Home INTERVIEWS Interview with a Fine Art Photographer Oleg Oprisco

Interview with a Fine Art Photographer Oleg Oprisco

Interview with a Fine Art Photographer Oleg Oprisco

Today we are bringing you a whimsical world of Oleg Oprisco‘s fine art photography. The depth of Oleg’s work and the idea behind each, thoughtful shot prompted me to share his creations with you. I reached out to him with multiple questions and he gladly agreed to share his knowledge with the readers of Photography Life. Oleg teaches multiple workshops every year and is a great educator. He promised to appear in Photography Life more to share tips about his line of photography and if you have any questions for Oleg, leave them in the comment section below.

Tell me a little about yourself, your childhood, where you live and how you started in the craft of photography?

Hi there! Everything started when I was sixteen and got a job at a photolab in a little city called Lvov, located in western Ukraine. During my three years of working at the lab, I mastered all the stages of printing film and digital photography, and all the peculiarities of working with color.

As a lab operator, I got a chance to view and adjust the color of several thousand images a day. I can’t even count the number of weddings, house warming parties, birthdays and other holidays I have visited through sorting those images. Respectively, I started to gain an understanding of which images and poses were most liked by customers. By and large, I still use this information as a reference in my work.

When I outgrew the photo lab, I moved to Kiev, where through some friends I tried my hand on commercial photography. I found that I quickly got tired of the routine. Luckily, right about that time I got my hands on a medium format film camera called Kiev 6C. Perhaps it was then, in 2009, I found a direction, in which I work to this day.

What type of photography do you do and where do you get the inspiration for your work?

I am a fine art photographer and each of my photos is a scene from real life. That is the perfect source of inspiration for me as there is so much beauty in our everyday life. Perhaps, what inspires me is what you see on your way to work. Observing the world around me inspires my next photograph. Of course there are my own changes that I add to the reality, such as characters, props, location, and light… However, I am constantly involved in a search for inspiration and ideas.

We hear the challenges of not being able to earn enough money while being photographers. Is it easy to be a photographer in Russia? What kind of obstacles do you run into?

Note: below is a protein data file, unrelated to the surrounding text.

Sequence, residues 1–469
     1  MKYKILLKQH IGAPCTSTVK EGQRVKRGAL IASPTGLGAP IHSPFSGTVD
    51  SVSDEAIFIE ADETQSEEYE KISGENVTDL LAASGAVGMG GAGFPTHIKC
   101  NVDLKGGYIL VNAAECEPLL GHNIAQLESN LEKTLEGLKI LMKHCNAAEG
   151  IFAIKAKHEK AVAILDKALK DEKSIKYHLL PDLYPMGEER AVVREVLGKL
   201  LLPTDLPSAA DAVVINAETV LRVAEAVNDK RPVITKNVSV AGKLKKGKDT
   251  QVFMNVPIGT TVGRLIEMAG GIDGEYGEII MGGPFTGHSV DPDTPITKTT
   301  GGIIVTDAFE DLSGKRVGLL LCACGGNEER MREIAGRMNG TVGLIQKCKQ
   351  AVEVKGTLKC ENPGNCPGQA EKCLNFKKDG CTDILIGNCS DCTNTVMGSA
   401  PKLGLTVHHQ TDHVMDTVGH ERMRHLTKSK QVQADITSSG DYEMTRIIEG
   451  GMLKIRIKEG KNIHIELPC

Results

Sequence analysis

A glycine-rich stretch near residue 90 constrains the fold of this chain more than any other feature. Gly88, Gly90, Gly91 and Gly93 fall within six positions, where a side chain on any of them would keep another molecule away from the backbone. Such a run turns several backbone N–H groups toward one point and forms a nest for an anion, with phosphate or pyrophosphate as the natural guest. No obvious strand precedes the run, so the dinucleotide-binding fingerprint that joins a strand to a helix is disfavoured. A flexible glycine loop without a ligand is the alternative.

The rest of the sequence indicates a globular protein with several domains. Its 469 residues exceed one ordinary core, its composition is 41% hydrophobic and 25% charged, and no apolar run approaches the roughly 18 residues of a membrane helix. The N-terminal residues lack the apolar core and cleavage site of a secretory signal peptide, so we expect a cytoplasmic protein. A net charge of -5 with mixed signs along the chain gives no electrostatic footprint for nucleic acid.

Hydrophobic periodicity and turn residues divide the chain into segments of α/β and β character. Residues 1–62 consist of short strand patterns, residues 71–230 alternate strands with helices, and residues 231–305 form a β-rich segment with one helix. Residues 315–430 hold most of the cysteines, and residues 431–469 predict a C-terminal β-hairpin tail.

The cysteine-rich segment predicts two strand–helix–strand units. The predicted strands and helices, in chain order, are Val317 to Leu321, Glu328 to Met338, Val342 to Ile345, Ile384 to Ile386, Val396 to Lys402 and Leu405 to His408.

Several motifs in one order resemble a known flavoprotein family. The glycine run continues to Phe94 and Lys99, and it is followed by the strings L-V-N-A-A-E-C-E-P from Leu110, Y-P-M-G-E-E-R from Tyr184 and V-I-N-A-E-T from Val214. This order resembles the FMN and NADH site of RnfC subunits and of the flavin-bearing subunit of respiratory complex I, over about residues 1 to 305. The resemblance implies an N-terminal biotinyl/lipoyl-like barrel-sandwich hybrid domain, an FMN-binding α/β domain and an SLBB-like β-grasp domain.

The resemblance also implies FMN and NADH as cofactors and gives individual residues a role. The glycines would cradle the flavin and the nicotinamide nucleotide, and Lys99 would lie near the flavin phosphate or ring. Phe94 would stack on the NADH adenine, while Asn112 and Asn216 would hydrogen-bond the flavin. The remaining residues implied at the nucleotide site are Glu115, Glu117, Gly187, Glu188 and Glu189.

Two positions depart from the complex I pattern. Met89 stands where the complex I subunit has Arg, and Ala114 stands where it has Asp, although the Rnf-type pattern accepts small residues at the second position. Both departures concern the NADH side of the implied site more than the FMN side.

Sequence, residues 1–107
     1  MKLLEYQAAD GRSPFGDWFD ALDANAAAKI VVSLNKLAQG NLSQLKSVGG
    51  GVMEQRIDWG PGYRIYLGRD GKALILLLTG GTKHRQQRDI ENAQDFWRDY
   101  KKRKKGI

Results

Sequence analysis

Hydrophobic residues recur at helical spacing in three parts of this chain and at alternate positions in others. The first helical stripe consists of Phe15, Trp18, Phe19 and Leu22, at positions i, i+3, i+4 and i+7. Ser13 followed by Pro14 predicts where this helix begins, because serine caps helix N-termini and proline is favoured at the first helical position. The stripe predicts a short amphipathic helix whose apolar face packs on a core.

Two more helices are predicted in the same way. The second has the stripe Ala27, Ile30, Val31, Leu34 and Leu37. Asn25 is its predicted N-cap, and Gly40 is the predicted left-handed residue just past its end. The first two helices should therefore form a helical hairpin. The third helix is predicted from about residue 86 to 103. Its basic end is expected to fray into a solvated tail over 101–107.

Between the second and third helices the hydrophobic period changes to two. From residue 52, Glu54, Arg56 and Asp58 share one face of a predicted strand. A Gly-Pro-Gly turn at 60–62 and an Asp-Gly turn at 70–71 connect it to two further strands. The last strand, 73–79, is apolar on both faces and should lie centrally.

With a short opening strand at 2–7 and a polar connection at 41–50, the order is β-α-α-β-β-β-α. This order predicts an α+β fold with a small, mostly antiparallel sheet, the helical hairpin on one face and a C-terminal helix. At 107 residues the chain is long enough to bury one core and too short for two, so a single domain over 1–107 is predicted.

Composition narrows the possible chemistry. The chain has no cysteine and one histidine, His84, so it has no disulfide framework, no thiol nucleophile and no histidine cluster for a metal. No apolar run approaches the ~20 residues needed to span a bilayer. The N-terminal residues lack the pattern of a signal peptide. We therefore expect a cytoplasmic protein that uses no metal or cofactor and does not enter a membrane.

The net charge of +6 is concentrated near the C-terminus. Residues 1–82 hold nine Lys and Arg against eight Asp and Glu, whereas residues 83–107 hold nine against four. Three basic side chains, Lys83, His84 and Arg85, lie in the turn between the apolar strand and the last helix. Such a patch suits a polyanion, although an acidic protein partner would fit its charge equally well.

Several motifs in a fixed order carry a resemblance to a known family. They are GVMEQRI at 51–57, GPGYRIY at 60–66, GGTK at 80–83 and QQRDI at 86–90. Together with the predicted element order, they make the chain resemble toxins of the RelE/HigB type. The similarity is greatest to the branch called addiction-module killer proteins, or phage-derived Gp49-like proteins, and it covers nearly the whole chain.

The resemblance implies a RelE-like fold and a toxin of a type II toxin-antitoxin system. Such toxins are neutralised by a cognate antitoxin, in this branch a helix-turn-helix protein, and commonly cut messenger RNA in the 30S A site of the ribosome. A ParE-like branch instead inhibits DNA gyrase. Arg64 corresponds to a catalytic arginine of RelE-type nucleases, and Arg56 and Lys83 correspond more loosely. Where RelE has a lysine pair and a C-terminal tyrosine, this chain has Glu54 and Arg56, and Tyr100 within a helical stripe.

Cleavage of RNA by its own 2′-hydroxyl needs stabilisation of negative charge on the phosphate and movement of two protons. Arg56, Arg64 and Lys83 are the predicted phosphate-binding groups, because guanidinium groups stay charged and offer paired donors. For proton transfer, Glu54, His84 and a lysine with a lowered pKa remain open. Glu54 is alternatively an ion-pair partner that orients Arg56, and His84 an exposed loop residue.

No one really helps you grow (as an artist) in Russia, no one teaches you, but at the same time no one interferes with you work 🙂 The overall problem of artistic education of the populous exists, which makes it very hard to make a living as an artist. To my advantage, my main costumers are all abroad and I am not deeply effected by the above-mentioned constrain.

Although I believe that the situation is gradually improving. I’ve been witnessing that the bigger cities are attracting prominent authors/photographers with their workshops and those cities host the best musicians of the planet for the enjoyment of its citizens.

Right now though, I am more comfortable living in Odessa (Ukraine). I like this place, because it is warm and close to water. But regular trips to Russia are becoming the trend for me.

Do you think talent for photography is something a person is born with?

Innate talent is just a 5% of someone’s success rate. 95% of it is hard work. The main enemy of any photographer is laziness. Everyone finds a thousand excuses why things around them are not right, photos are not great, no customers, and if there are customers – they are very bad. It is very important to analyze everything all that has been done; note the successful moments, eliminate errors and shoot, shoot, shoot. Ongoing analysis, clear creative plans and regular practice will help one feel his/her strengths and gradually progress.

As soon as the feeling of progressing and belief in success develops, your mind will instantly sparkle with a unique recipe of how to make a complex and interesting frame.

What do you feel is the most challenging thing about photographing what you do?

In my line of work, it is often challenging to find something new. Be it new stories or new experiences. The viewer is very demanding and constantly wants to be surprised. In photography, this discovering process is the most difficult and at the same time the most interesting part of the craft.

How important is Photoshop in your final images?

Each frame has distractions like dust and scratches and each frame may need color correction and toning. But no amount of post-production will correct a failed idea, ridiculous posture, ugly style and a host of other errors. I am always surprised that instead of analyzing and re-shooting (attempting to correct) the failed shot, many photographers torture themselves, the frame and the viewer by trying to fix it in post-processing.

What type of gear do you shoot with and which one is your most favorite one?

I use Kiev 6C and Kiev 88 cameras with 90mm f/2.8, 180mm f/2.8, and 300mm f/4.0 lenses. My favorite lens of all time is 300mm f/4.0 by Meyer Optik Orestegor.

If you were to given an opportunity to warn your readers of potential pitfalls of photography, what would they be?

Shoot, shoot, and shoot some more. What else to say? Drop what you are doing and pick up your camera to shoot some more… if you feel that’s what you want, of course. Freedom, happiness, money… all will come, after you let go and just shoot.

To see more of Oleg Oprisco’s work visit:

Oprisco 500px
Oprisco’s Flickr
Oprisco’s livejournal


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